3.  Refinance the student loans if you can get a better rate.  Throw the savings at the high-interest CC debt.  If you do manage to transfer your CC debt to a 0% card, make sure to pay that off before the 0% rate expires.

4.  Recognize that you are going to be in hunker-down mode for another year, until either your wife’s business starts to turn a profit or you shut it down.  Accept it.  This is a short-term sacrifice that you guys have made to take the risk on her new businesss.  Target getting your CCs paid off by that same date.  Continue contributing to the 401(k) to the match.  Then live on the rest.

5.  A year from now, you will likely have more clarity.  You should be CC-debt free.  You will have a more sustainable spending level based on your cash.  And you will have a decision whether the business is a go or not.  That is the time to plan your future life.  If you want FIRE to be an option, you need to max out the 401(k)/HSA ASAP.  How do you choose to balance FIRE against the desire for a house, and/or the desire to have a fancier lifestyle now?  Do you want kids?  If so, how many and when?  Start having those conversations now so your goals and priorities are aligned and you are ready to hit the ground running.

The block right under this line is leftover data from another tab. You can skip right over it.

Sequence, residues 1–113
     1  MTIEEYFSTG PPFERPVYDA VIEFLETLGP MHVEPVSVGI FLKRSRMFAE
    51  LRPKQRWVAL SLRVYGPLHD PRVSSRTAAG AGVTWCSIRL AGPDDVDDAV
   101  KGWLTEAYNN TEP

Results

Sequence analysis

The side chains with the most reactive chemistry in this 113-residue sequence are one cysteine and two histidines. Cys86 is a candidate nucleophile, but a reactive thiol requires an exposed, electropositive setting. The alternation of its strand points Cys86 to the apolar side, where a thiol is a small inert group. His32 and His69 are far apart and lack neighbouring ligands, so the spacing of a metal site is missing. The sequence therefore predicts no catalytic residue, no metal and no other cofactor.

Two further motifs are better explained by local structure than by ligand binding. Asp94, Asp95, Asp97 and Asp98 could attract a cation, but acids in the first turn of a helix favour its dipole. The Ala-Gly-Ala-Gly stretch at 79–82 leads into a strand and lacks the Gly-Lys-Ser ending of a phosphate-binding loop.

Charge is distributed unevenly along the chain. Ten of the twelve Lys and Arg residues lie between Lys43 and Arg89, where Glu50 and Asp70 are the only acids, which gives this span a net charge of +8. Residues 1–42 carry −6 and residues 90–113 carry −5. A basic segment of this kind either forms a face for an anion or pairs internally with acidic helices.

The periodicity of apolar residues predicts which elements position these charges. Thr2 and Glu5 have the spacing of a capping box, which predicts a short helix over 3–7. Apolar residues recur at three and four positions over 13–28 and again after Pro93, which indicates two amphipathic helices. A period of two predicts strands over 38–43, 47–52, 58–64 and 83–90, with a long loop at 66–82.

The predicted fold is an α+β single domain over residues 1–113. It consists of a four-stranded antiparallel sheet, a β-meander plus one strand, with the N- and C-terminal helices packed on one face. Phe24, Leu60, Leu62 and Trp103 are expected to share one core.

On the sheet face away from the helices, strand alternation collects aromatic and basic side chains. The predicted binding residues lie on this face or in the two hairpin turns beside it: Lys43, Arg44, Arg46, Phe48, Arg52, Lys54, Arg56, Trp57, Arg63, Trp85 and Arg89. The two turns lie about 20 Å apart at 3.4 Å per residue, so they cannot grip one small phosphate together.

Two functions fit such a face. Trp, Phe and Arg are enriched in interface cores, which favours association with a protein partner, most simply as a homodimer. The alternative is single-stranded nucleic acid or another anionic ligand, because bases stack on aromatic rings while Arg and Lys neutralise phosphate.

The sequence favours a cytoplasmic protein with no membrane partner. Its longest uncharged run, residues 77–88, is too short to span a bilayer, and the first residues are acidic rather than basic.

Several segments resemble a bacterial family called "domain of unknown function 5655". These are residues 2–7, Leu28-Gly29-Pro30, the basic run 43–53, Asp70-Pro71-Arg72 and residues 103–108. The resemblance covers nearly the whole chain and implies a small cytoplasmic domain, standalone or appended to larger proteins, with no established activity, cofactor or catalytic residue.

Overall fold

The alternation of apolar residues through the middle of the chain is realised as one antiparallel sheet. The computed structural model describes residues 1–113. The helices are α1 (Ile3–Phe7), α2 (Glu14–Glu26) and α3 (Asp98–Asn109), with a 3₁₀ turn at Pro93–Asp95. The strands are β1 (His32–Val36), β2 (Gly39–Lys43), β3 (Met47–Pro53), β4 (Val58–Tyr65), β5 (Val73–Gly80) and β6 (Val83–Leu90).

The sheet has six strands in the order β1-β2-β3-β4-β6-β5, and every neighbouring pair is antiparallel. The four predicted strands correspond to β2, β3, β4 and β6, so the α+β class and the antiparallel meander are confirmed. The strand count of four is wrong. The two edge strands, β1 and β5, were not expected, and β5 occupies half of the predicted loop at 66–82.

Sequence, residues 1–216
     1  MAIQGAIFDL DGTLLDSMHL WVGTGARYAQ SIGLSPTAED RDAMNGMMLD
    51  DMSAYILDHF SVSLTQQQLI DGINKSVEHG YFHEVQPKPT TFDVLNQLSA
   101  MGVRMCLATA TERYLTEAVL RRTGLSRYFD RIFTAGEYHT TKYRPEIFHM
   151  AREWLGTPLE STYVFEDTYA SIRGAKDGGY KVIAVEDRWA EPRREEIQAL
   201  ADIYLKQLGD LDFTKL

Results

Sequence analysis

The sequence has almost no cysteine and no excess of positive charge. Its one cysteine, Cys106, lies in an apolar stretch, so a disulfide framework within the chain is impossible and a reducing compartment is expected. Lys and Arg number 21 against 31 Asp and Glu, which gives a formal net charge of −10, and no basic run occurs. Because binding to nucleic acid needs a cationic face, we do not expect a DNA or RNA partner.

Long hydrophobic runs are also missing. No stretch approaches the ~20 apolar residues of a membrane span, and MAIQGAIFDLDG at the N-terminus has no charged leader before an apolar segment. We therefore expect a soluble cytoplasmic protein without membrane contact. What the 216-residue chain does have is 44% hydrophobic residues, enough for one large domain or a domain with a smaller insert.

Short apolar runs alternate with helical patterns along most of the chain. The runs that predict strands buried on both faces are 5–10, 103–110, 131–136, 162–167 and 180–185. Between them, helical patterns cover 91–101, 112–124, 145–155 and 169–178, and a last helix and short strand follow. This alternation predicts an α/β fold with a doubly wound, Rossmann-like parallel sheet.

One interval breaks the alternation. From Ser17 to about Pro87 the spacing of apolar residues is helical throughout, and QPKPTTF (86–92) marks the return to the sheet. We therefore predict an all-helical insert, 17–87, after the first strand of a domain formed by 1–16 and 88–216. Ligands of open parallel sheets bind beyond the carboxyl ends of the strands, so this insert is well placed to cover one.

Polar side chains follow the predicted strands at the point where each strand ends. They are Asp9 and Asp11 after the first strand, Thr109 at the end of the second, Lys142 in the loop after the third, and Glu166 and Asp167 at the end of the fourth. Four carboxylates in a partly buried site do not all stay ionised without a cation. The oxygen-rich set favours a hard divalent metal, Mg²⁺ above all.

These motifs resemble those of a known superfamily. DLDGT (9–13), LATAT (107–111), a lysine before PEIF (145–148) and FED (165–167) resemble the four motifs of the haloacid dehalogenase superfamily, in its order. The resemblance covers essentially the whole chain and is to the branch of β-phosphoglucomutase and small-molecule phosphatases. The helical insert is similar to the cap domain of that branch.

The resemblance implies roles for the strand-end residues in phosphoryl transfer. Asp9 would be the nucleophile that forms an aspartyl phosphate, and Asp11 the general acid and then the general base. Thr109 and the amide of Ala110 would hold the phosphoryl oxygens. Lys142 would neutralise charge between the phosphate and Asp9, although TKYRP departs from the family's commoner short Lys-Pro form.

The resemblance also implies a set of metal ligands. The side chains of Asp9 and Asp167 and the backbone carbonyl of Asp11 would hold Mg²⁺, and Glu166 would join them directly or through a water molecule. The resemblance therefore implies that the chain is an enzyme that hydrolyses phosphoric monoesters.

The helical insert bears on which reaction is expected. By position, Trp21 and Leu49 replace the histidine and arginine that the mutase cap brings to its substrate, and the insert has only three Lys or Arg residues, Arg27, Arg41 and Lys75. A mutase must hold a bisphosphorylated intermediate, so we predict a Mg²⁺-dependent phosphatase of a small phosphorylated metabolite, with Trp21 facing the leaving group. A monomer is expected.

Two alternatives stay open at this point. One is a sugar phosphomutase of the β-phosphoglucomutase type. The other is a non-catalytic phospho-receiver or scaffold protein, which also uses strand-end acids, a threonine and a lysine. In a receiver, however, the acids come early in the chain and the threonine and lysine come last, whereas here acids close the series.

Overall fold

Good luck!


  • Pencil Stache
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I know start ups can be slow to make a profit, but don't people usually work at least a part time salary job until they are earning something from the business?   It's crazy busy working a job and a half, but it's what people need to do until their business is up and running.  Is there any way your wife can go back to part time at her old job for another year, until your credit card debt is gone?  Or pick up more work a different way?   Or could you pick up some extra work to pay down that debt?  To pay off your credit card debt in a year you'll want to paying $1200+ a month.  To do that on your current will be really hard.  You need more income.